The concept of a continuous integration and validation for network changes is being recognized as a must-have for modern networks. Currently in the industry there are many companies and projects working on automation or some form of automation in combination with validation. At Tesuto, we have built a large-scale emulation platform that enables network operators to fully clone their network in the cloud and perform any number of tasks with it. The purpose of this blog post is to discuss how to use a cloned network to perform validation of network changes prior to production rollout. This change validation coverage goes beyond just configuration file validation. Test coverage extends to the deep library of network validators available through the use of NAPALM. In addition, Tesuto’s emulation platform validates the behavior of your control plane with the exact software version and topolog you have in production environment.

This document will cover a single example use case – there are many others – of creating a CI environment using a GitLab repository to store network configuration files. Whether you host a private GitLab server or use a free public account, this outline is equally valid. This example is written with Python code. The code is PEP-8 compliant but is written as example code and therefore not as Pythonic as it might be in a normal use case. Clarity has been prioritized over succinctness. It has also been designed to be as standalone as possible. Minimal imports have been done to keep a virtual-environment footprint as small as possible.

The code

The code is available publicly at

Tesuto configuration files

In order to properly operate, several files are required for use. These constraints are mostly due to the static nature of this example and can be customized based on your particular needs. The layout of this repository is as follows, and the code in its current state mostly requires adherence to this structure to properly operate.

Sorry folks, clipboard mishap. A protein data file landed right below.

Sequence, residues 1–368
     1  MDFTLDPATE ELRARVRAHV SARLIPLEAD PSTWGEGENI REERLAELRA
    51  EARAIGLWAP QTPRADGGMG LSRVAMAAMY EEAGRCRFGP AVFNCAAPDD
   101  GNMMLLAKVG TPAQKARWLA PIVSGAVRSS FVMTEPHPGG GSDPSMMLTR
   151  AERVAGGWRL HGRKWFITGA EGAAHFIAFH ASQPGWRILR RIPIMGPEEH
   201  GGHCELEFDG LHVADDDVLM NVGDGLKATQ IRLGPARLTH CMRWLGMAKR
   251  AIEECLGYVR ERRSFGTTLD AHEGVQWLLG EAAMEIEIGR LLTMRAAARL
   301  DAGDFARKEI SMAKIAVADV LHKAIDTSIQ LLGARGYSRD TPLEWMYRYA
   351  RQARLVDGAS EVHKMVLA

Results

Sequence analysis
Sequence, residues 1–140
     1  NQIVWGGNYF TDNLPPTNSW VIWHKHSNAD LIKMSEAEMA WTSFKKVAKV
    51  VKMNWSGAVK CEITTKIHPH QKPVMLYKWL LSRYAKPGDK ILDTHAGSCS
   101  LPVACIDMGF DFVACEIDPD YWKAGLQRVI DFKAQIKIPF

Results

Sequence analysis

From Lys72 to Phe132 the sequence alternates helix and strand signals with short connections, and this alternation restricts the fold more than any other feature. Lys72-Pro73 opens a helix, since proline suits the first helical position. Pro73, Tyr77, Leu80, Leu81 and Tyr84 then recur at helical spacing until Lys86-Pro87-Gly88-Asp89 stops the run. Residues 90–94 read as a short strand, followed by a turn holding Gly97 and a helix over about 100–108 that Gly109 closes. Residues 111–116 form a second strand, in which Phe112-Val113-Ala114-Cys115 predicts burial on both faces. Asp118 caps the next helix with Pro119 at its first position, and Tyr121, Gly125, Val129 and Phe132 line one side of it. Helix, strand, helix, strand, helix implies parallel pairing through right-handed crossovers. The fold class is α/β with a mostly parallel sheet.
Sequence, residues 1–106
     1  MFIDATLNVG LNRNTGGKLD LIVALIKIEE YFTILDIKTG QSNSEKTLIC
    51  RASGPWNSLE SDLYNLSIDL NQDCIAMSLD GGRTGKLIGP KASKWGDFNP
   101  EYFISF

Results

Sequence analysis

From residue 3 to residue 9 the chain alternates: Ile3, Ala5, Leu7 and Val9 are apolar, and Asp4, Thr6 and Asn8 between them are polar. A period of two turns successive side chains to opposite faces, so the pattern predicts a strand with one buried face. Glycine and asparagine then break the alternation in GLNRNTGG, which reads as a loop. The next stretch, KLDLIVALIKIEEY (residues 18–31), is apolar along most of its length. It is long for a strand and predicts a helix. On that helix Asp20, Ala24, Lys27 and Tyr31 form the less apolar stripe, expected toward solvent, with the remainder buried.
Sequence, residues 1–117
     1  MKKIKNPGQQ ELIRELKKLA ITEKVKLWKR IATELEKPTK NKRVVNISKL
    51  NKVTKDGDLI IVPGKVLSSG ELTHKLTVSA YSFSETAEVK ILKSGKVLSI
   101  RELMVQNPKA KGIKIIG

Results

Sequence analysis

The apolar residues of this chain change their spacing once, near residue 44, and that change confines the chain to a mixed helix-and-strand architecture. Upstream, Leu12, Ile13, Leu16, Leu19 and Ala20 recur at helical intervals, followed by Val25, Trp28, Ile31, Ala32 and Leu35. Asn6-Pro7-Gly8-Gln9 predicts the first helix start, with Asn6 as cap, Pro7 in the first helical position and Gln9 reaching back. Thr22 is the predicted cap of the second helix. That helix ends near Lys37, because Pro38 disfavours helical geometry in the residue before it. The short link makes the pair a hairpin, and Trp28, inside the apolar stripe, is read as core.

Network device configuration files are stored in the configs/ directory. In our example, we have two router configurations stored as core1.cfg and core2.cfg. In this example, we are using Arista devices and these are standard Arista configuration files.

Three custom files (devices.yaml, topologies.yaml, and validators.yaml) are required to allow the CI script to properly configure the emulation and network devices in the Tesuto cloud.

  • devices.yaml

     - name: core1
       config: configs/core1.cfg
       version: 302946505480339457
       interfaces: Ethernet[1-10]
     - name: core2
       config: configs/core2.cfg
       version: 302946505480339457
       interfaces: Ethernet[1-10]

    This YAML describes each device that is part of the validation process. Each configuration file in the configs/ directory needs an entry in this file to configure it in the Tesuto cloud.

    • The name: tag specifies the hostname for the device. This name is used to retrieve configuration files as well as link topologies.
    • The config: tag specifies the path to the configuration file for this device.
    • The version: tag specifies the Tesuto ID of the version of software to use for this device.
    • The interfaces: tag specifies the interfaces to configure for the device. In our example using Arista devices we specify Ethernet[1-10]. This is Tesuto shorthand to configure interfaces Ethernet1 – Ethernet10.
  • topologies.yaml
     - device: core1
       interface: Ethernet1
       neighbor: core2
       neighbor_interface: Ethernet1

    This YAML describes the physical links between the devices.

    • The device: tag specifies the hostname of a device.
    • The interface: tag specifies the interface to link on the specified device.
    • The neighbor: tag specifies the hostname of the device on the remote side of the connection.
    • The neighbor_interface: tag specifies the interface on the remote device.
  • validators.yaml
     - comment: Core1 Ethernet1 LLDP Neighbor Check
       script_name: LLDP Neighbors
           - core1
         - get_lldp_neighbors:
             _mode: strict
               - hostname: core2